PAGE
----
Russia shouldn’t remain sanctions risk for European companies, say Paris and Berlin

By Vladimir V. Sytin
A section of the Nord Stream 2 gas pipeline on the Baltic seabed is under construction in Germany. At the same time, a new tangle of antagonism towards the United States has emerged and aggravated in Europe.

In fact, Sylvie Bermann, French ambassador to Russia, said Paris would not demand the unconditional resignation of Syria’s President Bashar Assad. In other words, France has agreed to fulfill Russia’s main requirement that the Assad government should be preserved, which Washington opposes strongly today.

In addition, Berlin and Paris advocate easing sanctions against large Russian companies, primarily Rusal that produced 3.7 million tons of aluminum last year. The activities of French and German companies suffer from these sanctions. Recently, French president Emmanuel Macron and German chancellor Angela Merkel visited the U.S. where they tried to secure preferences for their companies.

It appears from this that the sanctions do not affect Russia as much as European countries and they will spare no pains to minimize their losses, even to the detriment of Ukraine’s interests. So Ukraine fatigue did the trick, and the Poroshenko regime should not hope very much for French and German support.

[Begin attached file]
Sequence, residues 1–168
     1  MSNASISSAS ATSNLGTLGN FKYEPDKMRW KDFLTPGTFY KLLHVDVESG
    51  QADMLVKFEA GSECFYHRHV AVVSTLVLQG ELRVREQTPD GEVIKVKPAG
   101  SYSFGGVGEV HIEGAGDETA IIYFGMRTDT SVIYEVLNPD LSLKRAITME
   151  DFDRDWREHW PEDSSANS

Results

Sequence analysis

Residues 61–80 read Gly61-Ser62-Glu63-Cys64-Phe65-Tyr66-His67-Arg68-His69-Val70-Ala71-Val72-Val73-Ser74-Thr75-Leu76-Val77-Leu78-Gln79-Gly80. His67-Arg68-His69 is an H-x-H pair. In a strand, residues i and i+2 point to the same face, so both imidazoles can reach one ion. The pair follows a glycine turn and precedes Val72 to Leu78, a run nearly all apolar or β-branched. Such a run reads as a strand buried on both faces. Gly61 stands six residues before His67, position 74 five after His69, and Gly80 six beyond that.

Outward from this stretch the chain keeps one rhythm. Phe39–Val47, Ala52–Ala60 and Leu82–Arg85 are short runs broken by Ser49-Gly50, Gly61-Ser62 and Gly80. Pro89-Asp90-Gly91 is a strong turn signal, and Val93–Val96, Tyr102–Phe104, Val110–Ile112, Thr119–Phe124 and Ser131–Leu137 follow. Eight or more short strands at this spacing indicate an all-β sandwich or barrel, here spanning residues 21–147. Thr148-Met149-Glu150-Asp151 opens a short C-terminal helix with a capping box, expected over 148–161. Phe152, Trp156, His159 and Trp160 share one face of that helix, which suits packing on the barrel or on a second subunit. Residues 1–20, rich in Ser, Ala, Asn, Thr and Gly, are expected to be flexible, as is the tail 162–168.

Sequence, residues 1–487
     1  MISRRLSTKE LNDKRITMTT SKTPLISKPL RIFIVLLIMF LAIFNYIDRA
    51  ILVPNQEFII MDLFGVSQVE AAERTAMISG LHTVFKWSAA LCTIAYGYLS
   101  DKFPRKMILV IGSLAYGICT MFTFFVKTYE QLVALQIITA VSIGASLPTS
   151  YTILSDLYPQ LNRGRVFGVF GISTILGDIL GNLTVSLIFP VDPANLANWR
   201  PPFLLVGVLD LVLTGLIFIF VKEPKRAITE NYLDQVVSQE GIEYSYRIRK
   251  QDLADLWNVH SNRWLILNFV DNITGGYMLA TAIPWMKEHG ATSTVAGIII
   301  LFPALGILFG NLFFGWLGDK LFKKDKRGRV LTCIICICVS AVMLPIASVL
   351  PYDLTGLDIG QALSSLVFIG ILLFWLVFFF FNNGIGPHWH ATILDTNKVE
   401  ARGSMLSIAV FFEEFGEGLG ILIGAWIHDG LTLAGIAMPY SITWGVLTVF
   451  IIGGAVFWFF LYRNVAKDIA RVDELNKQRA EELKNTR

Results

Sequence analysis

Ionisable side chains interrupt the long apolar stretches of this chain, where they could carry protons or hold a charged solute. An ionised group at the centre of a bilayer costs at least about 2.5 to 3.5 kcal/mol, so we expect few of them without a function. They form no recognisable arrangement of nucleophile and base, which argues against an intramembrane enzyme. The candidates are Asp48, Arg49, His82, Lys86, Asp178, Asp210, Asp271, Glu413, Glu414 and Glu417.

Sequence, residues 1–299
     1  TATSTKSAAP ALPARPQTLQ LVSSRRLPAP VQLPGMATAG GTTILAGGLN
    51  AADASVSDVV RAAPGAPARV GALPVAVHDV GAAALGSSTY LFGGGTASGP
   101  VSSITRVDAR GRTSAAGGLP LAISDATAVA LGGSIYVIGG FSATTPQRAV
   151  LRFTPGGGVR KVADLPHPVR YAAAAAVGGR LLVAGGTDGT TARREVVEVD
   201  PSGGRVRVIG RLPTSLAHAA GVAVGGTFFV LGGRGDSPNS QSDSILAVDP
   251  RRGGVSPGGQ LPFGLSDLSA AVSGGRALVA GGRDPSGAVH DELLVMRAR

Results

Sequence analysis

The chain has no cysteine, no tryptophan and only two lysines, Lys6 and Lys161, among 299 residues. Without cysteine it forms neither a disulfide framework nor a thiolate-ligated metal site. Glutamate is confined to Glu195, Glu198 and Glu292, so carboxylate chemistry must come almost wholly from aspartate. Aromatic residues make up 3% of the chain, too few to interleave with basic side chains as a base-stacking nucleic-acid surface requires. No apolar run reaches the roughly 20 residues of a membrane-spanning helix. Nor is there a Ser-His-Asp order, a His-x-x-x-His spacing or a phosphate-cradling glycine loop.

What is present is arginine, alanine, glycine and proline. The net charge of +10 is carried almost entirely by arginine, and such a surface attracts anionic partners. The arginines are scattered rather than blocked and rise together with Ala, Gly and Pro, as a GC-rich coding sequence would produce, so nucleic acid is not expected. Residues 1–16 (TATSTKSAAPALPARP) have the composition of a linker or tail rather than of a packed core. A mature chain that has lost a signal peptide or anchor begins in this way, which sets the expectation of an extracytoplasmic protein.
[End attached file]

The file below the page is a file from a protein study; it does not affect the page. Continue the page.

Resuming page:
As if to rub salt in the wound, the mainstream media reported that Nord Stream 2 would double the existing Nord Stream pipeline‚Äôs current annual capacity of 55 billion cubic meters. Therefore, Ukraine will lose 55 bcm of transit to the European Union. According to experts’ estimates, Kiev stands to lose transit revenue in the amount of more than $1.5 billion per year.

Incidentally, James Rickards, editor of the Strategic Intelligence news letter, noted that Russia is the 12th largest economy in the world, has the largest landmass, is one of the three largest energy producers in the world, has abundant natural resources other than oil, has advanced weapons and space technologies, an educated workforce, and, of course, has the largest arsenal of nuclear weapons of any country. Moscow’s game involves the accumulation of gold, development of alternative payments systems, and ultimate demise of the dollar as the dominant global reserve currency.

Contrary to many analysts’ perceptions, Russia is on a sound financial footing. Russia’s government debt-to-GDP ratio is 12.6%, which is trivial, compared with 253% for Japan, 105% for the U.S. and 68% for Germany. The Central Bank of Russia has rebuilt its hard currency reserves to $455 billion after those reserves were severely depleted in 2015, following the collapse in oil prices that began in 2014.